If you want to be near Florence, but away from the city’s hustle and bustle, I know the perfect place. The Villa La Massa was built in the 16th Century (and was extended in the 18th and early 19th Centuries) and sits in 20 acres of gardens right next to the River Arno. It has been an hotel since 1948 and in 1998 became the sister hotel of the great Villa d’Este on Lake Como. Although it is much smaller than its sister, the Villa La Massa offers its guests something of the same experience, for it, too, is spotlessly elegant and supremely comfortable, and provides the sort of service which is both attentive and wonderfully proper.
I do like hotels to give me a bit of personal attention. When I arrived back at the wonderful St Regis Florence, I found that, on the bed of my suite, had been carefully laid out ten pictorial representations of the Ten Commandments which adorn that other website for the discerning, Bown’s Bespoke. For example, with the legend, “No device has done more to promote the vulgarisation of our public spaces than the portable telephone”, was a picture of one of the nasty things with a red line through it. The fine gentleman responsible for this thoughtful and amusing welcome was my butler, Andrea Nigi, whose picture I present to you. The butler service comes with the higher categories of accommodation, and is one of the reasons – and there are many – that the St Regis Florence is an exceptional hotel in this exceptional city. The charming General Manager, Valentini Bertolini, is rightly proud of his property.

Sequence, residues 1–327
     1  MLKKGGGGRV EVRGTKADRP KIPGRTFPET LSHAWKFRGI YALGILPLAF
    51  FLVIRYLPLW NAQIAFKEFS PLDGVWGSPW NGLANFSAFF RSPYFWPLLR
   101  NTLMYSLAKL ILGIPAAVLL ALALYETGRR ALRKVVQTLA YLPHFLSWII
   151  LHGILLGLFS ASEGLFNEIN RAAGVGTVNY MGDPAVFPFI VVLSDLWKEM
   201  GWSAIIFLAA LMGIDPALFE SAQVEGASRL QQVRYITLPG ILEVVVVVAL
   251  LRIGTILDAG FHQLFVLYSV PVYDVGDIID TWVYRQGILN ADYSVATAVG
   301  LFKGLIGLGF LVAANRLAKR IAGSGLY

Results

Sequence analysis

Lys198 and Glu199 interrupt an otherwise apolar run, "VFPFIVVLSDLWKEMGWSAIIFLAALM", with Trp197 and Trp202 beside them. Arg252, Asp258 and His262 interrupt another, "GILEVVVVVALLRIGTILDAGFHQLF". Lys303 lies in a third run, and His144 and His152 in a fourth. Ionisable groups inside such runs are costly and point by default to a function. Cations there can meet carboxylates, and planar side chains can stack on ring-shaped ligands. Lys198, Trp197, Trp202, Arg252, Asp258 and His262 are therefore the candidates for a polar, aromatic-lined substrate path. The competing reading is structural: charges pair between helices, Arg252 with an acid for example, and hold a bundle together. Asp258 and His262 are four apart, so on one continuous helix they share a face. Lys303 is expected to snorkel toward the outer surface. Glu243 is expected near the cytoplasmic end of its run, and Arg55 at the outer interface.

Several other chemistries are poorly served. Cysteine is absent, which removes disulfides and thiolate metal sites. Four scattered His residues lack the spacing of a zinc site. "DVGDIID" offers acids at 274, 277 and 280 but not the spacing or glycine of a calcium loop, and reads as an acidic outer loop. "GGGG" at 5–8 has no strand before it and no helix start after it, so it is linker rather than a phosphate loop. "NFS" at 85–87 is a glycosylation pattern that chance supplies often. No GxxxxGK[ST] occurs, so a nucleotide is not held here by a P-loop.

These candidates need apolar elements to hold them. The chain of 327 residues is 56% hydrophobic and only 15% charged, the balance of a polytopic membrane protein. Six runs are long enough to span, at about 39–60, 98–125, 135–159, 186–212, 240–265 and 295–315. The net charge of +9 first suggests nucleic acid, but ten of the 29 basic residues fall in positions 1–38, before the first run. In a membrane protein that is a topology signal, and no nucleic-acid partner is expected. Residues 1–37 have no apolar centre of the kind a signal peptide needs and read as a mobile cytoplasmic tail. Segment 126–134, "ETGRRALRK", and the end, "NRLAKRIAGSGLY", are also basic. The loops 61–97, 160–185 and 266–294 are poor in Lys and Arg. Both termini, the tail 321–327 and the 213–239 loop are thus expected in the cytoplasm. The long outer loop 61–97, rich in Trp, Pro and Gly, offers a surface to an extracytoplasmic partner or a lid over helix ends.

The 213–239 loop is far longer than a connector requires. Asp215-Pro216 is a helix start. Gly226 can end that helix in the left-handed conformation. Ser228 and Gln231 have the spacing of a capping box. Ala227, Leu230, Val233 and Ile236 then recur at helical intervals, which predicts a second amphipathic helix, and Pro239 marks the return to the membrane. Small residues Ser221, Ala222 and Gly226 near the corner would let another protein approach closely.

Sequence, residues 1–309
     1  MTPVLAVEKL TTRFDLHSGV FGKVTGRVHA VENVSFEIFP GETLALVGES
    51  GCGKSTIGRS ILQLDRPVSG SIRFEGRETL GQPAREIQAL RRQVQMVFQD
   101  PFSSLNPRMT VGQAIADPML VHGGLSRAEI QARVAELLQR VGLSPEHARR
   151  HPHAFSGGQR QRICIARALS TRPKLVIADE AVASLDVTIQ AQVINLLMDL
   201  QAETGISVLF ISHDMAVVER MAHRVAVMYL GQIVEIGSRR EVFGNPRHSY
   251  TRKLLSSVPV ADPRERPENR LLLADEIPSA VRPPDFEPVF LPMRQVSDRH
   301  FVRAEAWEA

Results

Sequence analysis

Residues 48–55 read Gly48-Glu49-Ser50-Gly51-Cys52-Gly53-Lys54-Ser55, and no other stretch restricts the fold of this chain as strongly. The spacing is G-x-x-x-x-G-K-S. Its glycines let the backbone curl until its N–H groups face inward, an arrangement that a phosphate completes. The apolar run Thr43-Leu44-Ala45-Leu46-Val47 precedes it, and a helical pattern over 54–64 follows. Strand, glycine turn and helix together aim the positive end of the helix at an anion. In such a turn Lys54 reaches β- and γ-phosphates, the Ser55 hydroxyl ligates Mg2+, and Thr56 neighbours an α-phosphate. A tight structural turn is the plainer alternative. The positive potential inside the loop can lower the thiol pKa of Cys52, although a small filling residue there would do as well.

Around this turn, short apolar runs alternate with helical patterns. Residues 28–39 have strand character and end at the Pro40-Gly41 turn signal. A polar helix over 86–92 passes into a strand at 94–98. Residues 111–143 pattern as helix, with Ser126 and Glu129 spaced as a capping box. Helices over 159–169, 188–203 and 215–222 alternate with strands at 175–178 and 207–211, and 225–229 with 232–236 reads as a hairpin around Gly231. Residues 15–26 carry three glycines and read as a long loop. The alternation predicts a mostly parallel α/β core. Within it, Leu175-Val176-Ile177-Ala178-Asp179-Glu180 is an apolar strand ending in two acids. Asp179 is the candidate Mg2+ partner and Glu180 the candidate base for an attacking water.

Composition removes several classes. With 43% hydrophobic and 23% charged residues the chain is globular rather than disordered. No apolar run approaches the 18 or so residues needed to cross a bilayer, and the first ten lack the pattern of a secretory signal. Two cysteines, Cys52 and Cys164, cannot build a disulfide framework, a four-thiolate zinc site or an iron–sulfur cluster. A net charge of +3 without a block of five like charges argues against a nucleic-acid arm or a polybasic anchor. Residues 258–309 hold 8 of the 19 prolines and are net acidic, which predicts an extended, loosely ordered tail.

After my recent dinner at Il Palagio, I am convinced that it is one of the best restaurants in Italy. Vito Mollica (pictured) is a magnificent chef and a charming man. He has one Michelin star, but it must surely be joined by a second before too long. His cuisine is refined, exquisitely judged and precisely executed and yields immense pleasure to those fortunate enough to dine at his tables. Those tables are housed within the Four Seasons Hotel in Florence, a place of frescoes, stucco, carved stone, gilt, crystal and sumptuous fabrics. It is, of course, a converted convent. (This is Florence, after all.) But the atmosphere, while exceedingly proper, is relaxed rather than reverential.
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See also Dining in France & American Farm to Table